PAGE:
Background Despite numerous prior studies have established the association between admission randomised glucose levels and poor outcomes in patients with acute myocardial infarction (AMI), less is known regarding the correlation between the initial fasting plasma glucose (FPG) and contrast-induced nephropathy (CIN), especially in elderly AMI patients undergoing percutaneous coronary intervention (PCI).
Objective The aim of this study was to assess the association between the initial FPG levels on admission and CIN in elderly patients with AMI.
Methods From April 2004 to October 2006, 881 elderly patients (age ≥65 years) diagnosed with AMI undergoing PCI were enrolled in the Beijing Elderly Acute Myocardial Infarction Study (BEAMIS) consecutively. According to admission FPG levels, patients were categorised into four groups: hypoglycaemia group (N=187, 21.2%), FPG≤5 mmol/l; euglycemia group (N=412, 46.8%), FPG>5 to 7 mmol/l; mild hyperglycemia group (N=128, 14.5%), FPG>7 to 9 mmol/l; and severe hyperglycemia group (N=154, 17.5%), FPG>9 mmol/l. The primary end point was CIN, which was defined as an increase in serum creatinine >25% from baseline in the first 72 h.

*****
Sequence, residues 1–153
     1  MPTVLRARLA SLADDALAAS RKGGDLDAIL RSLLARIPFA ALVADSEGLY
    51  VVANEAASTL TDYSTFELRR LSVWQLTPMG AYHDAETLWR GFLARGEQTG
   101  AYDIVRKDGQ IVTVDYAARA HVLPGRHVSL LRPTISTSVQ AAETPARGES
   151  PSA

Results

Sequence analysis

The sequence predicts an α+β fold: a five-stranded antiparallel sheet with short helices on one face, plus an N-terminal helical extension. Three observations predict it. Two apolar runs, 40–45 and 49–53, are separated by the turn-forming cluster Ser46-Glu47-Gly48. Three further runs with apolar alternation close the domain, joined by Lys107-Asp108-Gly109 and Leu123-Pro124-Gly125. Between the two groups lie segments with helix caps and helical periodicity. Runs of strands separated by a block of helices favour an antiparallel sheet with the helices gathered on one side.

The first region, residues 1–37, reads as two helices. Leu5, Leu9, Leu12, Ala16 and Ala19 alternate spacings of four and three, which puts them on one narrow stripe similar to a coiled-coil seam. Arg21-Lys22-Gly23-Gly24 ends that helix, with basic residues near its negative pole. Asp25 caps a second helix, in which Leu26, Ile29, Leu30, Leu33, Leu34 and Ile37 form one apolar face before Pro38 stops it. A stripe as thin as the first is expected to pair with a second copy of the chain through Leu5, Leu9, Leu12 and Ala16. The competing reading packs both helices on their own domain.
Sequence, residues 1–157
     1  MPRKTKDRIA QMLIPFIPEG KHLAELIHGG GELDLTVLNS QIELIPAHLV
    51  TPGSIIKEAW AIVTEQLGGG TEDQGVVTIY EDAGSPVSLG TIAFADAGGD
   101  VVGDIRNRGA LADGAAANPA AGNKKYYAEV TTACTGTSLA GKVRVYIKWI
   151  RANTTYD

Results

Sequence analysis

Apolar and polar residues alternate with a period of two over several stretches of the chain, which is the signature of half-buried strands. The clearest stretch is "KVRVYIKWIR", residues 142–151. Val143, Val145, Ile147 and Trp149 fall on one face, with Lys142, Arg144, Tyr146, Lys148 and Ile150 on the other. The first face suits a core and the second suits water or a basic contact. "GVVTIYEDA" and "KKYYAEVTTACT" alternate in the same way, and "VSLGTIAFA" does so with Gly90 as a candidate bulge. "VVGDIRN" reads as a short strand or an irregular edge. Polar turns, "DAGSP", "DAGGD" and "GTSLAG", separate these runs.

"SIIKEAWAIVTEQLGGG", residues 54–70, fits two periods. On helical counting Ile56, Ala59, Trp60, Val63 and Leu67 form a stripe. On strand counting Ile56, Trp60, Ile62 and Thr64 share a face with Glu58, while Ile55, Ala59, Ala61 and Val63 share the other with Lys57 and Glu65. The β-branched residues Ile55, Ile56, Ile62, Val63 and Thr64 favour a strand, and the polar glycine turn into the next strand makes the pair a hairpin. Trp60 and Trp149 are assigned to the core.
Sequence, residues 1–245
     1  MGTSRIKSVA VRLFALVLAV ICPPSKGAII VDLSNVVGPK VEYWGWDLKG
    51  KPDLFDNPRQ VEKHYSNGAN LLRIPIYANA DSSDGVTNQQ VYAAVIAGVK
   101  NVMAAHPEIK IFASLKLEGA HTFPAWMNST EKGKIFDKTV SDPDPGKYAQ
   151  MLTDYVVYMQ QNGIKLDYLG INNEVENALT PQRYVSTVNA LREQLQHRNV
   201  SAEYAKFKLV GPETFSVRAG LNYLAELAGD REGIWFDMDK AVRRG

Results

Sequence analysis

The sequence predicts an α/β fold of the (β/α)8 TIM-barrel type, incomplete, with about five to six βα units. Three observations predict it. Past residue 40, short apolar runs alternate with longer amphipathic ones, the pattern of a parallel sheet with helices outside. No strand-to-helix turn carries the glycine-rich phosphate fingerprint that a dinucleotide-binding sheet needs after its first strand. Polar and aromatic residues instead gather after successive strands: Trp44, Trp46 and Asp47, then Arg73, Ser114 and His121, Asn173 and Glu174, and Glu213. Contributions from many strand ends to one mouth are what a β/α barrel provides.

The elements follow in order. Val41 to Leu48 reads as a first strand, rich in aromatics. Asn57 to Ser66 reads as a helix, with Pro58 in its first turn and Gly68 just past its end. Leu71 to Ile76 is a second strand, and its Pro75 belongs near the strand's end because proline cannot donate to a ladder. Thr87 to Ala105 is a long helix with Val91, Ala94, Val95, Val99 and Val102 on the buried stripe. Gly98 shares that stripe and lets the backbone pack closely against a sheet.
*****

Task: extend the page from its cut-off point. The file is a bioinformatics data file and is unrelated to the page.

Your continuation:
Results A total of 125 (14.2%) patients developed CIN. Patients with severe hyperglycemia had a onefold higher incidence of CIN than those with mild hyperglycemia (29.9% vs 14.1%, p=0.02), twofold higher incidence of CIN than those with euglycemia (29.9% vs 10.7%, p<0.001) and hypoglycemia (29.9% vs 9.1%, p<0.001). Hyperglycemia was an independent predictor of CIN.
Conclusions In AMI patients undergoing PCI, hyperglycemia is associated with an increased risk for CIN.